Auto-Biography 20: Fun, Fun, Fun

Paul Niedermeyer
by Paul Niedermeyer

Buying my first new car was a lot like losing my virginity: it was unplanned, impulsive and quick. Even though it didn’t turn out exactly as I might have expected, I certainly don’t regret it; it was an inevitable rite of passage. There has to be a first time. At least the glow of satisfaction lasted longer (with the car).

Anyway, there I was, innocently tooling to work, driving past the Ford dealer in Santa Monica, when SHE winked at me: the first 1983 Thunderbird Turbo Coupe in town. She was young and fresh, straight off the trailer. With her long sleek bod, she stood out from the crowded lot of boxy Fords like Keira Knightley at a Weight Watcher’s convention. I knew immediately: we were meant for each other.

The Thunderbird’s sheetmetal was the harbinger of a mega-tsunami of aero-design about to wash over the automotive industry. Compared to the angular, landau-roofed Detroit iron of the time, compared to equally sharp-edged Benzes and Bimmers, the T-Bird was literally a fresh of breath air.

“I want this car now,” I told the groggy salesman. “I’ll write you a check for it. I need to get to work– in this car.”

The salesman eyed me with suspicious satisfaction, nursing his morning Java. “Want some coffee? How about some rubber mats and protective sealer?”

“No. Just tell me how much it costs so I can get out of here.”

The Maharishi owed me. Since taking over his near-bankrupt LA TV station, I’d canceled the guru’s endless TM lectures and turned KSCI into a Tower of Babel− programming in no less than fifteen Asian and Middle-Eastern languages.I’d made the man some serious money (wired to off-shore accounts).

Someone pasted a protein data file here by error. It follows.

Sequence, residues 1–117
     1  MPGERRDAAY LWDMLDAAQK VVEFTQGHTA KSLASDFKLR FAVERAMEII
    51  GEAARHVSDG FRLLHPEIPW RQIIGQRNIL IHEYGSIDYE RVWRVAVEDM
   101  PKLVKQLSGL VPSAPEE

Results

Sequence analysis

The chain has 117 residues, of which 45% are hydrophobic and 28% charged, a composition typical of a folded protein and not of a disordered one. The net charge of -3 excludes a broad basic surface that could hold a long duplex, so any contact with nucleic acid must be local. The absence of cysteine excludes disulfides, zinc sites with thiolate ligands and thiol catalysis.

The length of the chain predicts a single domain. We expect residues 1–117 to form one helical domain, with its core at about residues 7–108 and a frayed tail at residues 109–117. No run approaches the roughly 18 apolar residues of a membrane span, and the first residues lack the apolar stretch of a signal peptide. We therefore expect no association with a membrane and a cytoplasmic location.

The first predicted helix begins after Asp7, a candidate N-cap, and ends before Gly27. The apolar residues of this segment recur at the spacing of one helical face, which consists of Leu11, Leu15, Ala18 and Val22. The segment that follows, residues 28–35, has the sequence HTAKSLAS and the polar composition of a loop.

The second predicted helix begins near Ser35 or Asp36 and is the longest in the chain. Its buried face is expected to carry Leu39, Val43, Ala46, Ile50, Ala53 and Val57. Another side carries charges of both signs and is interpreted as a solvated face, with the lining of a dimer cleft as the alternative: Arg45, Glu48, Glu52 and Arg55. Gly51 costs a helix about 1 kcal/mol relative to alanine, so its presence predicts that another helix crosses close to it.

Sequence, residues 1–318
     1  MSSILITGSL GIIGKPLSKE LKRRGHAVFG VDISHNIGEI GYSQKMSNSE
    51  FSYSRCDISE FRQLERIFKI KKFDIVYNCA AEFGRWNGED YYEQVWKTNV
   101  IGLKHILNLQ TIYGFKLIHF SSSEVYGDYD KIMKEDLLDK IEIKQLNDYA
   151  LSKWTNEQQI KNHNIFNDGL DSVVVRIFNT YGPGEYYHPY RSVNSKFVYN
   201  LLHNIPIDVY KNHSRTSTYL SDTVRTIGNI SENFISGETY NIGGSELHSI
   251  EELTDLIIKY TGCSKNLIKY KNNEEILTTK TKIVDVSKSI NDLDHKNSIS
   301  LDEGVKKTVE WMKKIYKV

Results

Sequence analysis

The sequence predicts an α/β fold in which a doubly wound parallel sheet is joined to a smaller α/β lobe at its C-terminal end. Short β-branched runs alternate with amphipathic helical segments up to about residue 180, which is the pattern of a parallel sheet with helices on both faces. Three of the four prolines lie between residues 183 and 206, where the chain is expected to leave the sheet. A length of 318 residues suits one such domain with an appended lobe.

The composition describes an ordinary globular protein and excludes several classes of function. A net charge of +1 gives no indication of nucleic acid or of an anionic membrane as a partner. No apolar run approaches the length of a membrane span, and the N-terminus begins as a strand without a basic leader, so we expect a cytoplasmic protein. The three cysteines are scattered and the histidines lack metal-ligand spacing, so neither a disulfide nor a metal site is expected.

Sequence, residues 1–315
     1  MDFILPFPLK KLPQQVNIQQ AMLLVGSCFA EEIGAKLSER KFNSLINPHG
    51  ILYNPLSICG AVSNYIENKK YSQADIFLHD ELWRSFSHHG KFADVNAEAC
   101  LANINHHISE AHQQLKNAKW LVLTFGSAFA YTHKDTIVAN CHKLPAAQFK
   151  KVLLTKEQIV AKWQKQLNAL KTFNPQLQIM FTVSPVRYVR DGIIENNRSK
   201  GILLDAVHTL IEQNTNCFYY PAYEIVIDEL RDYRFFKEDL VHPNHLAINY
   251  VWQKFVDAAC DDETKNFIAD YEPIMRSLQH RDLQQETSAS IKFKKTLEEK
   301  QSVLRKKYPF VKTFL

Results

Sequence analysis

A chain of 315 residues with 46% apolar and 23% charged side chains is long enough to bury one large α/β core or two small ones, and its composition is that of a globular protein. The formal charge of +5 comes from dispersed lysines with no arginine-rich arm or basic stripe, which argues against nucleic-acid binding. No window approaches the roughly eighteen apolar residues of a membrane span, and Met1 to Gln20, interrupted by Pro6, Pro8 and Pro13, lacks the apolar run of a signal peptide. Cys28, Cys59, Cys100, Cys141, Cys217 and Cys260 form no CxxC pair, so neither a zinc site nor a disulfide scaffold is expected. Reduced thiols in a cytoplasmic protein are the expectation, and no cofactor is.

I called the station’s business manager and told him to bring the company check book.

Despite the salesman’s best efforts to add as many options as possible to my impulse purchase, I arrived at work late that morning, with a big grin on my face.

I soon discovered that the Turbo Coupe’s beauty wasn’t just skin deep. The interior was uncharacteristically clean and solid. The multi-adjustable leather seats had inflatable lumbar support, with squeeze-bulbs sourced from a blood-pressure cuff.

Raising most hoods back then was like confronting the convoluted entrails of a freshly-slit pork belly. You were lucky to catch a glimpse of the engine under miles of contorted hoses. The Thunderbird Coupe had bragging rights to the most advanced engine management electronics of its time (EEC-IV). The innovation made popping the Bird’s long beak a visual treat.

The little four-banger sat naked, adorned with some nice alloy. Its 145hp output may seem pathetic today, but what was the alternative? Even BMW was on an economy binge; the only 5-Series available had all of 128hp, and the 3-Series barely harnessed 100 horses (a pricey way to save fuel).